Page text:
Arts of Emergency — How are artists provoked by the mechanisms of destruction and terror? How does photography, painting and performance intervene to restore face and voice, expose the erasures of history and demand recognition?

Revenge, Reparation, Reconciliation — How can artistic media be used by formerly hostile groups to reconcile opposing points of view, recognize divergent historical narratives and promote trust? What cultural strategies do advocates, jurists and activists employ to effect accountability and foster healing?

Remembrance, Repitition, Residue
— What is the relationship of memory and forgetting to the recovery of daily life after trauma? How are the arts of memory—museums, memorials, archives—sentinels of the future?

Arts of Possibility — Can cultural and symbolic forms help to imagine a future while remembering the past and mourning loss? Can artistic strategies serve as antidotes to revenge, sorrow and despair to restore hope, encourage safety, and return the promise of tomorrow?

One can see even from this brief summary of themes that the conference was thoughtfully and courageously organized.  It has brought together a committed and important group of people whose lives are devoted to addressing these questions and to putting their insights into action. 

Unfortunately, the on-site attendance was disappointing. Ironically, Duma Kumalo, a speaker from Johannesburg, mentioned that the meager turnout was similar to so many of the truth and reconciliation hearings he attended back home in South Africa. There were also numerous mistakes made in communicating the details of the times and places of various events, problems making speakers audible to members of the audience, etc. (Sarah Hromack was hoping
the conference would include consideration of the Katrina disaster in
the South.  I did not attend, nor have I listened to, all of the
sessions.  But from what I could tell, Katrina was mentioned only in
passing — often as a point of reference for the ongoing inadequacy in
handling disaster by government institutions.)

One can only hope that the limitations of the on-site proceedings of What Comes After will be overcome and more than compensated for by creative use of the materials made available on the website and through the many productive discussions to follow in communities, cafes, pubs, and classrooms around the world.  But we can also help by contributing our own thoughts and efforts to the task of recognizing, remembering, and coming to terms with the causes and effects of violence, wherever they occur.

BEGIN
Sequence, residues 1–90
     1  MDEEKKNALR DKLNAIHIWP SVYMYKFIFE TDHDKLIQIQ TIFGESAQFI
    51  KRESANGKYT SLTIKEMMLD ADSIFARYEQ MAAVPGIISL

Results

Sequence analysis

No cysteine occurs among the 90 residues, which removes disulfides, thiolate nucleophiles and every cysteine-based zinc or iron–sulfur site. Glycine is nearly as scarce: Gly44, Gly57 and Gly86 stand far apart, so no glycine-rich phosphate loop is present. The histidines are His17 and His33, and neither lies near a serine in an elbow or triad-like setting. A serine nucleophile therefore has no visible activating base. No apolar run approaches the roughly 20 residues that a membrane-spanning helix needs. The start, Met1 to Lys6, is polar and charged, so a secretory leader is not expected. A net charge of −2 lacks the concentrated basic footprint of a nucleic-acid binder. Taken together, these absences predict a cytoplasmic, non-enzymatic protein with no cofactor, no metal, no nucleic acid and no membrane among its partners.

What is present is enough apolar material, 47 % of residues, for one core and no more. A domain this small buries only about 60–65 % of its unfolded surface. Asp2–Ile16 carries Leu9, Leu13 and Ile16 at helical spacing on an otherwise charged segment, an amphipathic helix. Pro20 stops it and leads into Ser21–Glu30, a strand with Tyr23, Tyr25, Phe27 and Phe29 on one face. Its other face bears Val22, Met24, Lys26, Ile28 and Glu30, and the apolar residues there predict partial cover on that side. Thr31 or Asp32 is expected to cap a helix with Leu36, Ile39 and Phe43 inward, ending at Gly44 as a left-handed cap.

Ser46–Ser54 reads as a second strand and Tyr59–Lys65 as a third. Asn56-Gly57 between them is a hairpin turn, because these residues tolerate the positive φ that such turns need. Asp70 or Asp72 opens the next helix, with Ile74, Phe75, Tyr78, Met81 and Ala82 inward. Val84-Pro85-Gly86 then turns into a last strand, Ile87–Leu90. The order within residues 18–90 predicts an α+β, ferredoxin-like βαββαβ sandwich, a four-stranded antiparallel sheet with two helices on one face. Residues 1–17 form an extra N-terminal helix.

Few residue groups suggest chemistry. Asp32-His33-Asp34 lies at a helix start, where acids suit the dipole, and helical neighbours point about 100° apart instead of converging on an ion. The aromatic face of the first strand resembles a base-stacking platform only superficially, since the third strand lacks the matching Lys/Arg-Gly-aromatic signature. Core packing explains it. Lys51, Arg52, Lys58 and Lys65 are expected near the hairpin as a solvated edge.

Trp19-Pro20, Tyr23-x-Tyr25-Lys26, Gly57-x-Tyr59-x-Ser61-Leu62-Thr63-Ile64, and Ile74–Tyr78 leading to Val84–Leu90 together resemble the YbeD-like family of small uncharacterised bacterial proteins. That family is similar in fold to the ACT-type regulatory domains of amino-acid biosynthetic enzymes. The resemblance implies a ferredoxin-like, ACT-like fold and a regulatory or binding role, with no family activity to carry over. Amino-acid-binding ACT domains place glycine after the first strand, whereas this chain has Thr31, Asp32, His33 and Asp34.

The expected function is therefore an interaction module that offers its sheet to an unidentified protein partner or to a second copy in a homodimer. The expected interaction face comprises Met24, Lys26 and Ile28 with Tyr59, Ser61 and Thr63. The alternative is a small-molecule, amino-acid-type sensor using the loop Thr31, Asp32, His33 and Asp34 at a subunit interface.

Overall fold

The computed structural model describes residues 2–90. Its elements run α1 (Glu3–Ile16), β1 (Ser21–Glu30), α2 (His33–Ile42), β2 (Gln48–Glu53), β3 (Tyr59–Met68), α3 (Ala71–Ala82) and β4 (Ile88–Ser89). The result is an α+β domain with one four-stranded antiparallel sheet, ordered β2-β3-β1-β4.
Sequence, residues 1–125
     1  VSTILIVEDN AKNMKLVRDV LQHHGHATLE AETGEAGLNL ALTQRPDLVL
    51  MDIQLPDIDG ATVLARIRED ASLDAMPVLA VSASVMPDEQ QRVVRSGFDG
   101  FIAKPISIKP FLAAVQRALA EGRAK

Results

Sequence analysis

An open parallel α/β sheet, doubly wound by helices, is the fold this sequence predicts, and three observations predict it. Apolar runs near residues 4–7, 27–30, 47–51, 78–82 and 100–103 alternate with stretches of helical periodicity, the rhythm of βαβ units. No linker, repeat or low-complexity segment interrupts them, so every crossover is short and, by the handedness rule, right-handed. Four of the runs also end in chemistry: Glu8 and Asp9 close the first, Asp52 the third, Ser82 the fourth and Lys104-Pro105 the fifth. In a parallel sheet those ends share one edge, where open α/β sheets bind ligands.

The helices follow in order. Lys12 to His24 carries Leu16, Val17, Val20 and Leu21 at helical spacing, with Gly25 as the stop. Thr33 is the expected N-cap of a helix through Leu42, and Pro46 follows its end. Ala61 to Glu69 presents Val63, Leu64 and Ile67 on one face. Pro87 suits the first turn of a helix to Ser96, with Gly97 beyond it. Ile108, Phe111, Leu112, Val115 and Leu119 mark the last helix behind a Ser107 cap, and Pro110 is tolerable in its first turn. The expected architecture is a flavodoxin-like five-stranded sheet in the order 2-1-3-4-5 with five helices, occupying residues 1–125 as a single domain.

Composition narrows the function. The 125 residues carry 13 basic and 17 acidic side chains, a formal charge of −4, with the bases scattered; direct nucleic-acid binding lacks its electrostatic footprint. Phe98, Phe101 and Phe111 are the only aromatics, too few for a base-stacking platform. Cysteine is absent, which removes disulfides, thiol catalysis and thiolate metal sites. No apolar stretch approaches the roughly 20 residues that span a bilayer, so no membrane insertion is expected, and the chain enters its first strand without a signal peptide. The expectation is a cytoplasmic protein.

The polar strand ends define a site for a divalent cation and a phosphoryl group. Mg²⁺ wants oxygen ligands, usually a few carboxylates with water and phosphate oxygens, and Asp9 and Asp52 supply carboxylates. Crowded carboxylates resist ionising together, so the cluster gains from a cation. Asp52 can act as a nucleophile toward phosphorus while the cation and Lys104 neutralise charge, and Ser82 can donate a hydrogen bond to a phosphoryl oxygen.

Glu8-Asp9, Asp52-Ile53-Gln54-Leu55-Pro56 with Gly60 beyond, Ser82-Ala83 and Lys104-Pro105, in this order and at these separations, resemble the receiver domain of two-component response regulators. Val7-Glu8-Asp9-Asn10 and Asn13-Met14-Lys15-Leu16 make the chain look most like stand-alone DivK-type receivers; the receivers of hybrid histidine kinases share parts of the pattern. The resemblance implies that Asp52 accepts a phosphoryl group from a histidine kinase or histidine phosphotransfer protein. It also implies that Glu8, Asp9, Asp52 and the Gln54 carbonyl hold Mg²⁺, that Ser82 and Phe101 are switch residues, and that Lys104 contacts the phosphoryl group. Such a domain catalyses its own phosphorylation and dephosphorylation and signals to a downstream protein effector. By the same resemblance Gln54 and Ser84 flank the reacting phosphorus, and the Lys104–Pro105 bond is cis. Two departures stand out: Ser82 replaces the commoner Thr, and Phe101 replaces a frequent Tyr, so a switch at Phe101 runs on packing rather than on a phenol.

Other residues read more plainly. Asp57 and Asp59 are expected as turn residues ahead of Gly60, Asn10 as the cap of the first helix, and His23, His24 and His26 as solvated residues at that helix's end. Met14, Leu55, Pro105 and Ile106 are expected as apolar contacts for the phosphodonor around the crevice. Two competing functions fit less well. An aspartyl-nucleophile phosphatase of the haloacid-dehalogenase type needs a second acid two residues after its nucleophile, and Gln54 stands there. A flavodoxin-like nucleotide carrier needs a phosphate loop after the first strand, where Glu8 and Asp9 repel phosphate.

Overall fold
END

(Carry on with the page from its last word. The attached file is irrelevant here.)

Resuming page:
Resisting Color Photography

Elizabeth Olson comments (in a New York Times article today) on an exhibition opening this week at the Library of Congress, Bound for Glory: America in Color, 1939-1943.  The exhibition is "[c]ulled from a collection of little-known color images made by photographers from the federal Farm Security Administration and the Office of War Information, the prints bring alive everyday rural life between 1939 and 1943."

The images were made "by about a dozen photographers to document the Depression’s effects on rural America and to rally support for government relief efforts".  So the function of these images was clearly documentary (historical) and political.

According to Olson, the photos have been in the collection of the LoC since 1946, but have "received little attention".

What struck me as odd was a remark made by the curator, Beverly Brannan: "There were questions for years about whether color photography was truly art," she said. "They were not taken as seriously as black-and-white images." In the context of the Times article, this appears to be offered as an explanation for not exhibiting these photographs.

It’s well-known that the status of color photography as art was contested for years.  "Elder statesmen of photography such as Walker Evans and Edward Steichen initially described color photographs as lurid and vulgar, while others associated them unfavorably with commercial photography, amateur snapshots, or popular movies." (See the introduction to the current exhibition of color photography at the Philadelphia Museum, Mavericks of Color Photography from the Collection July 30 – November 27, 2005.)

But it seems to me that the artistic (and, by implication, aesthetic) status of an image is distinct from its historical value. Does the LoC really make such aesthetic judgments in choosing objects for an exhibition? Does anxiety over the status of photography vis a vis "the fine arts" extend to the LoC?